Computer Laboratory

I am a Research Associate in the NetOS division of the Systems Research Group at the University of Cambridge Computer Laboratory, while I finish writing up my PhD under the advice of Dr Steven Hand.

In the 2013/14 academic year, I was also Director of Studies in Computer Science for St John's College and Peterhouse.

On this page, you can find information about my research and teaching activities. I also have a (rather information-sparse) personal website.

Research

In am interested in the areas of operating systems and large scale distributed systems, and my work often incorporates and combines elements of both.

  • CamSaS: Much of my work is part of the Cambridge Systems at Scale (CamSaS) effort to build a new systems software stack for large-scale data centres, which I co-lead.

  • DIOS: Modern data centres are "warehouse-scale computers", and users expect to see them as such. Yet, our operating systems have not changed in decades. As a result, a data centre machine's OS has no idea that it is part of a larger whole. DIOS is partly a revisit of old distributed operating system ideas in the context of modern data centres and partly a push for more scalable and well-integrated OS abstractions for "data-intensive" computing.
  • Firmament: In "warehouse-scale" data centres, cluster and CPU schedulers are currently entirely separate and share no information. Firmament changes this: like Quincy, it models the entire data centre as a flow network and runs a fast solver to optimize over it. Unlike previous work, Firmament schedules tasks down to individual CPU cores, and deeply integrates local machine information with cluster-level concerns, yielding overall improved placement decisions in heterogenous environments.
  • Omega: Monolithic cluster scheduler architectures have difficulty keeping up with the scale and diversity of modern data centre workloads. Omega adresses the need to cater for this via parallelism, shared state, and lock-free optimistic concurrency control. Omega supports highly heterogeneous schedulers sharing a single cluster's resources without significant interference. This increases scalability and offers the opportunity to rapidly build and deploy new schedulers. This work was done during an internship at Google. [EuroSys 2013 paper]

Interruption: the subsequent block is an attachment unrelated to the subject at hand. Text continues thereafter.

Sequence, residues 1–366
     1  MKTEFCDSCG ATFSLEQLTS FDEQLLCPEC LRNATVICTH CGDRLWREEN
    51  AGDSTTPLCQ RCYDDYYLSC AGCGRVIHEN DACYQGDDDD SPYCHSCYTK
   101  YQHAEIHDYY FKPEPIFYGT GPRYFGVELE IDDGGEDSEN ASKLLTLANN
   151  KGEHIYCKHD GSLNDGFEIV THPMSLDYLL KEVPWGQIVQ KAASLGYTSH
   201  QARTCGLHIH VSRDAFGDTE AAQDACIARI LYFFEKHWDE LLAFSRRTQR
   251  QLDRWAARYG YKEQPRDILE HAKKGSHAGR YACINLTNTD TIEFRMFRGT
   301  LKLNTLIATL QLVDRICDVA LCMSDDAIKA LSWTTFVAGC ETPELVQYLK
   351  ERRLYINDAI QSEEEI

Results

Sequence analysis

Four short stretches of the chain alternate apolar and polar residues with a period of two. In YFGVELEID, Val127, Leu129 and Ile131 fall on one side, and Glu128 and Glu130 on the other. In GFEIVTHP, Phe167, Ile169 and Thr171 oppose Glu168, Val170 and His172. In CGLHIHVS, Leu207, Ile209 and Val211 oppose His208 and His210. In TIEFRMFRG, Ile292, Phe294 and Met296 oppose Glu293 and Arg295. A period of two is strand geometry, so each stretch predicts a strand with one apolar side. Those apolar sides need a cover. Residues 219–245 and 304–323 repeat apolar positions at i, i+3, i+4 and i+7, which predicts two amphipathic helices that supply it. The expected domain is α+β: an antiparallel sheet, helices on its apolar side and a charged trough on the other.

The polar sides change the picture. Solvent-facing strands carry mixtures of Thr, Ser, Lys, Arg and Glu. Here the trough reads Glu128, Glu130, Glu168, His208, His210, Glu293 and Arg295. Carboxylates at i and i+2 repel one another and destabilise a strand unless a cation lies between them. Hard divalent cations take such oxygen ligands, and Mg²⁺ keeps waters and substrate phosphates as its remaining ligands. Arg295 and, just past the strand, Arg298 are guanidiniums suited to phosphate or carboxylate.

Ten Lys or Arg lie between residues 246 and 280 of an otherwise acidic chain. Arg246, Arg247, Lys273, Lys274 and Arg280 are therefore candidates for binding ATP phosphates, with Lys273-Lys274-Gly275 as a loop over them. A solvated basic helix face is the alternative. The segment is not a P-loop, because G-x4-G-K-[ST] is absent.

• I am also involved in the QJump project on bounded latency data centre networking. [to appear at NSDI 2015]

I also curate our database of inter-process communication performance (IPC) measurements, and run the NetOS group's weekly operating systems reading group, in which we read both seminal papers from the past and modern publications in the general area of OS research.

Once upton a time, I wrote my undergraduate dissertation in Computer Vision, investigating interactive 3D structure-from-motion.

Selected publications

A full list of my publications is available on the publications page.

Supervisions & teaching

For the academic year 2013/2014, I was the acting Director of Studies for Computer Science undergraduates at St John's College and for Easter term, I was also Director of Studies at Peterhouse.

Over the past years, I supervised a range of courses across all years of the Computer Science Tripos, with a focus on core systems courses.

In addition, I have supervised a number of undergraduate final year (Part II) projects, including three award-winning ones, and co-advised several masters projects.

Contact me

Email:

Office phone: +44 1223 763683

Snail mail:
Malte Schwarzkopf
University of Cambridge Computer Laboratory
Willam Gates Building
15 JJ Thomson Avenue
Cambridge CB3 0FD, UK